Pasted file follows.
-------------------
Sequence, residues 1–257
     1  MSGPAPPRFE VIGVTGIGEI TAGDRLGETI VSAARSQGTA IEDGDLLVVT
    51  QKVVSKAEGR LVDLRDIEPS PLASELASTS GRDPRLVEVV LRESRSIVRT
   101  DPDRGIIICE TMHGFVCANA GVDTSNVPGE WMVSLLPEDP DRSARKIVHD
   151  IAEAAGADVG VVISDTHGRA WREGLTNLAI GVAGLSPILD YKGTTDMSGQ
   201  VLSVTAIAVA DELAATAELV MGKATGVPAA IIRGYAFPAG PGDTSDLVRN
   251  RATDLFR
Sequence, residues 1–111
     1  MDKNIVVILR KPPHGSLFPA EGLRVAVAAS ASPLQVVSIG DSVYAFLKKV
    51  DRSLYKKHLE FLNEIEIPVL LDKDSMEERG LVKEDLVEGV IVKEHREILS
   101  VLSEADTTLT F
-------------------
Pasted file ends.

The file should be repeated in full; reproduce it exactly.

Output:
Sequence, residues 1–257
     1  MSGPAPPRFE VIGVTGIGEI TAGDRLGETI VSAARSQGTA IEDGDLLVVT
    51  QKVVSKAEGR LVDLRDIEPS PLASELASTS GRDPRLVEVV LRESRSIVRT
   101  DPDRGIIICE TMHGFVCANA GVDTSNVPGE WMVSLLPEDP DRSARKIVHD
   151  IAEAAGADVG VVISDTHGRA WREGLTNLAI GVAGLSPILD YKGTTDMSGQ
   201  VLSVTAIAVA DELAATAELV MGKATGVPAA IIRGYAFPAG PGDTSDLVRN
   251  RATDLFR
Sequence, residues 1–111
     1  MDKNIVVILR KPPHGSLFPA EGLRVAVAAS ASPLQVVSIG DSVYAFLKKV
    51  DRSLYKKHLE FLNEIEIPVL LDKDSMEERG LVKEDLVEGV IVKEHREILS
   101  VLSEADTTLT F